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The physical experience was one of total emersion into breathing. It was the most relaxing exercise I have experienced during the breathing. My body totally relaxed and felt limp.
I was not aware of the tension leaving until I focused on the urge. When I got to focusing on the urge it no longer seemed important and I found it a distraction to my relaxed feeling.
It was much more pleasant focusing on the breathing than the urge and the urge no longer was an urge but a distant thought.
It became very difficult to focus on the urge which was no longer relevant.
The bell is a great way to end this or any other exercise
I would rate this a very effective exercise.
I have used being mindful of the urge and focusing on the urge in therapy in the past. I have used it as a tool for patients when urges arise and not to run from the urge but to address the urge mindfully and examine it.
What I did not do was use breathing prior to focusing on the urge and the difference was significant. I will modify my exercise to include it and use it when people are deciding on an urge to use. It is a great tool to have to help addiction and urges.
I used being mindful of emotions with out judging. I chose this because it incorporates thinking and the emotion.
It was a great exercise to think more about the emotion than the thought that caused the emotion.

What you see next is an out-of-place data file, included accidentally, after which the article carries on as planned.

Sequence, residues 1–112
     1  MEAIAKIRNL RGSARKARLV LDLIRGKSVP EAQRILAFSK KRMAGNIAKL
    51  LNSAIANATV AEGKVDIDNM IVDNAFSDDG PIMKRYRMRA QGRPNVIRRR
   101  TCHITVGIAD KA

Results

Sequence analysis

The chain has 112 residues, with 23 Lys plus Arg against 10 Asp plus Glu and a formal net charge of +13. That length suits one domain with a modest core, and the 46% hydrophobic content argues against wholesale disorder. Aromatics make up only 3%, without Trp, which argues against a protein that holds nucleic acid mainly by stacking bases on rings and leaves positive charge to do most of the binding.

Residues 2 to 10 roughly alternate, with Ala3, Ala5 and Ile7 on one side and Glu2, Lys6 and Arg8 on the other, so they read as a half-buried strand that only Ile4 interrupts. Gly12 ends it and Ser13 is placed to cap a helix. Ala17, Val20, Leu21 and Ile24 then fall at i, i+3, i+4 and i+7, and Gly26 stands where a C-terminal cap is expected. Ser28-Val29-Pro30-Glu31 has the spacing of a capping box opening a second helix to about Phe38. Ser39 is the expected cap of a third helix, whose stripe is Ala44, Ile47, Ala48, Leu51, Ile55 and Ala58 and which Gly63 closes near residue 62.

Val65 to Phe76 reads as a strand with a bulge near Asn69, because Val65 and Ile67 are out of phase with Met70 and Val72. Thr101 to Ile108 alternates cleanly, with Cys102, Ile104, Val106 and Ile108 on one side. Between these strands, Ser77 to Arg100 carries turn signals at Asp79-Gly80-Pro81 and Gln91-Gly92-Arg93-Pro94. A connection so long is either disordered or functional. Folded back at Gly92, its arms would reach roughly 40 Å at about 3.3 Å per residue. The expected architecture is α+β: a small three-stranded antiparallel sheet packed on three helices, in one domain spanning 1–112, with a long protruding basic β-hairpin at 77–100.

To change emotions we need to change thinking however this helps us not to change the thinking but to process the emotion and how it feels . It was a struggle in dealing with the thought but as the exercise went on it became more important to understand the emotion and accept it.
Many people I work with do not understand the link of emotions and thoughts and especially substance abusers recognizing the emotional link to their substance use and what to do with it when they do.
Very effective and works well with number 1.
The last few weeks have helped me appreciate the need for breathing in all mindfulness work. I was really amazed at how the breathing relaxed and affected the emotion and the thoughts leading to the emotion. They are great tools dealing with urges and helping us understand judgements.
I am going to use it in trauma work and teach it as a coping skill with out specifically instructing what the client to feel.
I have tried it several times in the last few weeks with great success.
I will also use these in dealing with urges in addiction in helping patients truly understand the link between substance abuse and urges and emotions. It ties together well
In my own life I have been using these in dealing with painful emotions . It seems to allow me to safely address painful issues with no goals except to feel and not judge and release
Thank you so much this has been very helpful to both my patients and myself and I will surely sign up for any other sessions from you Nice Job and feel free to notify me of future trainings [email protected]